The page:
Bank of Africa on boosting regional trade

Ghali Lahlou, regional director, Bank of Africa.
Bank of Africa (BOA) regional boss Ghali Lahlou left Morocco two and a half years ago to head the lender’s operations in the East African region, as well as Ghana.

The bank has roots in Anglo-African and Francophone countries. Financial Standard spoke to its regional director about the lender’s regional business outlook.

What makes you suitable for the job?

I have key regional experience across Africa, having worked across the continent and specialised in finance.

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I have worked in the capital markets, enterprise venture capital, industrial finance, insurance finance, before finally landing in banking finance.

BOA is not well known in Kenya even with its personal banking services. Why is this the case?

We have not yet gained the notoriety of some of the bigger banks in the region.  In fact, some people often confuse BOA with Commercial Bank of Africa.

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This public perception may be because we started off serving corporates before going into the retail market recently. BOA has 12 branches in the country – from Westlands, the city centre to Kitengela – with more in the pipeline.

Is BOA big in other continental markets?

Well, we are the number one bank in Mali, where our founder began in 1982. BOA is also the biggest bank in Burkina Faso and Togo. 

We are number two in Niger and Senegal, third in Ivory Coast and Morocco.  We also have a presence in Kenya, Ghana, South Africa, Madagascar, Ethiopia and Djibouti.

What’s BOA’s specialisation in the Horn of Africa?

Djibouti has a big port that does a lot of business with landlocked Ethiopia. BOA facilitates the business transactions that make this kind of trade possible.

If, or rather when, the Lamu port gets completed, we are the corporate bank with the continental presence, experience and capabilities to get those sort of end-user facilitations done.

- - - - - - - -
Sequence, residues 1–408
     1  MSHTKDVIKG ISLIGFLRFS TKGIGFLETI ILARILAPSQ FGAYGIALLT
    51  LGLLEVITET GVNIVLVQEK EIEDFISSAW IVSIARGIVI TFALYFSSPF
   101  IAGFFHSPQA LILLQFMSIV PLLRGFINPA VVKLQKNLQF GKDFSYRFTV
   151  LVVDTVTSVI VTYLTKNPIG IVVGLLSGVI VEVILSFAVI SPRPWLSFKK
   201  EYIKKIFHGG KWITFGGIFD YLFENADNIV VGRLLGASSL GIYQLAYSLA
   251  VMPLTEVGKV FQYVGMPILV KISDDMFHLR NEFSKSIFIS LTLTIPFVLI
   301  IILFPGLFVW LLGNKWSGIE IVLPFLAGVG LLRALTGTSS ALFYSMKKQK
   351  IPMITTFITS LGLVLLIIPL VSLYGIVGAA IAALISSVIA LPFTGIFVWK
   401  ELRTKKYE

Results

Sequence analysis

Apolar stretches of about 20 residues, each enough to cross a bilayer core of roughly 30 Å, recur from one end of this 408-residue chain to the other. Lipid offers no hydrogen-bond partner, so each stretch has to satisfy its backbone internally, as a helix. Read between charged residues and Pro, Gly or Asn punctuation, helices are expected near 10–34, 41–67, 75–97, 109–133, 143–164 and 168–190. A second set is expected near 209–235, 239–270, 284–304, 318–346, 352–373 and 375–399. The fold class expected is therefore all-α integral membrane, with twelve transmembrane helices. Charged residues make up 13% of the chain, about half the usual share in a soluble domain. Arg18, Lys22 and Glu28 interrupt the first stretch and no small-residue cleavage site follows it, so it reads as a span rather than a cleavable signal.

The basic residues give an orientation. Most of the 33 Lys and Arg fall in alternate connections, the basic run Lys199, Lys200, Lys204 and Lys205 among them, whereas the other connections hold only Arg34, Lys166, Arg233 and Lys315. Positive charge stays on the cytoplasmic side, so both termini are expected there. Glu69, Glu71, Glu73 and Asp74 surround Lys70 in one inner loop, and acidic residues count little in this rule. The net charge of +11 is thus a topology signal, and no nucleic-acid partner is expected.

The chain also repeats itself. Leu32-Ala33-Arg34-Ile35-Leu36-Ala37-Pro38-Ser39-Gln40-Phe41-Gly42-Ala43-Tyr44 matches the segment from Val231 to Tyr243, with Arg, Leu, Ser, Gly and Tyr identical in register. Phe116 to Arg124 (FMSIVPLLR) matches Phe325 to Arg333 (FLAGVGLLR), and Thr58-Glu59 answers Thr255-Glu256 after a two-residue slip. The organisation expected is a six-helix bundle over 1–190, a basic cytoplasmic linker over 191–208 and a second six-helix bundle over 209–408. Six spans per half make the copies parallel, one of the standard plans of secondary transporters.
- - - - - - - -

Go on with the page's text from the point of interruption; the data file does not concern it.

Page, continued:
But beyond governments and corporates, we seek out Small to Medium Enterprises (SMEs) now.

What is unique about BOA and SMEs?

Very few banks or commercial institutions have the trans-borders’ capabilities that we do. Say you are a Kenyan importer of optical equipment and even spectacles from Wuchang and is caught up in the coronavirus scare and quarantine.

Our BOA branch in Shanghai would extend you, say, USD10,000 credit or personal line during your enforced stay, and ensure your commercial business is transacted. Later, when screened and cleared, you’ll be reunited with your optics, with your import business intact.

What about a normal BOA customer in Kenya?

We have an open door and personalised policy for all our clients. We are not a crowded bank, we listen and personally address customer concerns.

We give loans to entrepreneurs and SMEs, with great credit lines across the continent.

Banking seems to be going digital, is this the future of the sector?

Technology is good and also inevitable. So we have in place all the modern elements of it. But it is not just banking that is going digital, it is everything.

More money is becoming crypto, legal and accounting services are getting digitised, health check-ups someday will be done by body bleepers instead of general practitioners (down to surgeries by robots), elections across the world are electronic (with some rigged by algorithm), cars are getting driverless.

But because we are human beings, we’ll always need the personal touch in every industry, whether banking, hospitals or hospitality.  

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